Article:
Article  CAS  Google Scholar 

  39. 39

    John, D. E. et al. New bi(tetrathiafulvalenyl) derivatives and their radical cations: synthetic and X-ray structural studies. J. Mater. Chem. 10, 1273–1279 (2000).

    Article  CAS  Google Scholar 

  40. 40

    Zonta, C., Fabris, F. & De Lucchi, O. The pyrrole approach toward the synthesis of fully functionalized cup-shaped molecules. Org. Lett. 7, 1003–1006 (2005).

    Article  CAS  PubMed  Google Scholar 

  41. 41

    Fabris, F., Zonta, C., Borsato, G. & De Lucchi, O. Benzocyclotrimers: from the Mills−Nixon effect to gas hosting. Acc. Chem. Res. 44, 416–423 (2011).

    Article  CAS  PubMed  Google Scholar 

  42. 42

    Inkpen, M. S., Du, S. Driver, M., Albrecht, T. & Long, N. J. Oxidative purification of halogenated ferrocenes. Dalton Trans. 42, 2813–2816 (2013).

    Article  CAS  PubMed  Google Scholar 

  43. 43

    Barrière, F. & Geiger, W. E. Use of weakly coordinating anions to develop an integrated approach to the tuning of ΔE1/2 values by medium effects. J. Am. Chem. Soc. 128, 3980–3989 (2006).

    Article  CAS  PubMed  Google Scholar 

  44. 44

    Camire, N., Mueller-Westerhoff, U. T. & Geiger, W. E. Improved electrochemistry of multi-ferrocenyl compounds: investigation of biferrocene, terferrocene, bis(fulvalene)diiron and diferrocenylethane in dichloromethane using [NBu4][B(C6F5)4] as supporting electrolyte. J. Org. Chem. 637–639, 823–826 (2001).

    Article  Google Scholar 

  45. 45

    Bard, A. J. & Faulkner, L. Y. Electrochemical Methods 2nd edn (Wiley, 2004).

    Google Scholar 

  46. 46

    Richardson, D. E. & Taube, H. Mixed-valence molecules: electronic delocalization and stabilization. Coord. Chem. Rev. 60, 107–129 (1984).

    Article  CAS  Google Scholar 

  47. 47

    Sokol, W. F., Evans, D. H., Niki, K. & Yagi, T. Reversible voltammetric response for a molecule containing four non-equivalent redox sites with application to cytochrome c3 of Desulfovibrio vulgaris, strain Miyazaki. J. Electroanal. Chem. Interfacial Electrochem. 108, 107–115 (1980).

    Article  CAS  Google Scholar 

  48. 48

    Masuda, Y. & Shimizu, C. Solvent effect on intramolecular electron transfer rates of mixed-valence biferrocene monocation derivatives. J. Phys. Chem. A 110, 7019–7027 (2006).

    Article  CAS  PubMed  Google Scholar 

  49. 49

    Brown, G. M. et al. Oxidation-state and electron-transfer properties of mixed-valence 1,1′-polyferrocene ions. Inorg. Chem. 14, 506–511 (1975).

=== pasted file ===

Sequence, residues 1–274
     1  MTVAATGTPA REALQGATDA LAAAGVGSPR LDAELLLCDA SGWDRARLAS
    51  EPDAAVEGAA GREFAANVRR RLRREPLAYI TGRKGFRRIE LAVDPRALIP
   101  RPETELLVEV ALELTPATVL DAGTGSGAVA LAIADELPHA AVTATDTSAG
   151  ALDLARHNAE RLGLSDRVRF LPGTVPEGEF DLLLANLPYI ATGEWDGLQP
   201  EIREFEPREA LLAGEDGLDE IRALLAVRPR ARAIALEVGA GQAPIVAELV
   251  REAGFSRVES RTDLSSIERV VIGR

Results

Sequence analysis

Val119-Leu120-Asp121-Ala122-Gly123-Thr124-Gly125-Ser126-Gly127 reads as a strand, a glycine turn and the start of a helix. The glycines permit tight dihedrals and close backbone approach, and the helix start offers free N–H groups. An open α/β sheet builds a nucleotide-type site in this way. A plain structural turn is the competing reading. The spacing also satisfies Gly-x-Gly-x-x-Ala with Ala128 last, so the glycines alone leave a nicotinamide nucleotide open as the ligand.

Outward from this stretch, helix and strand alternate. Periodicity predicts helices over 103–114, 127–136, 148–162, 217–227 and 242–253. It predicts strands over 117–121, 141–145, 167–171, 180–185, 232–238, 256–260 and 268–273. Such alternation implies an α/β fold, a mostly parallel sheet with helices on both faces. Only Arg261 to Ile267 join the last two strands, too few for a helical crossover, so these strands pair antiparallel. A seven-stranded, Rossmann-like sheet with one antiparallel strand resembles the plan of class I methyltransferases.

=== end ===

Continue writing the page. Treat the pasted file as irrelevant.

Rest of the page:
Article  CAS  Google Scholar 

  50. 50

    Ohanian, H. C. & Markert, J. T. Physics for Engineers and Scientists 3rd edn (W.W. Norton & Company, 2007).

    Google Scholar 

Download references

Acknowledgements

M.S.I., T.A. and N.J.L. acknowledge the Leverhulme Trust (RPG 2012-754) for funding. The authors are grateful to the referees for useful comments and suggestions concerning the extent of charge delocalization in these materials.

Author information

Affiliations

Authors

Contributions

M.S.I., T.A. and N.J.L. conceived the work and designed the experiments. M.S.I. synthesized the materials and performed the solution electrochemical measurements. A.J.P.W. performed the X-ray crystallographic experiments. S.S., M.L. and R.F.W. performed the UV/vis/NIR spectroscopy experiments. All authors contributed to writing the paper.

Corresponding authors

Correspondence to Tim Albrecht or Nicholas J. Long.

Ethics declarations

Competing interests

The authors declare no competing financial interests.

Supplementary information

Supplementary information

Supplementary information (PDF 2179 kb)

Supplementary information

Crystallographic data for compound cyclo[6]-benzene (CIF 362 kb)

Supplementary information

Crystallographic data for compound cyclo[6]-toluene (CIF 305 kb)

Rights and permissions

Reprints and Permissions

About this article

Verify currency and authenticity via CrossMark

Cite this article

Inkpen, M., Scheerer, S., Linseis, M. et al. Oligomeric ferrocene rings. Nature Chem 8, 825–830 (2016). https://doi.org/10.1038/nchem.2553

Download citation

Further reading

Search

Quick links

Nature Briefing

Sign up for the Nature Briefing newsletter — what matters in science, free to your inbox daily.

Get the most important science stories of the day, free in your inbox. Sign up for Nature Briefing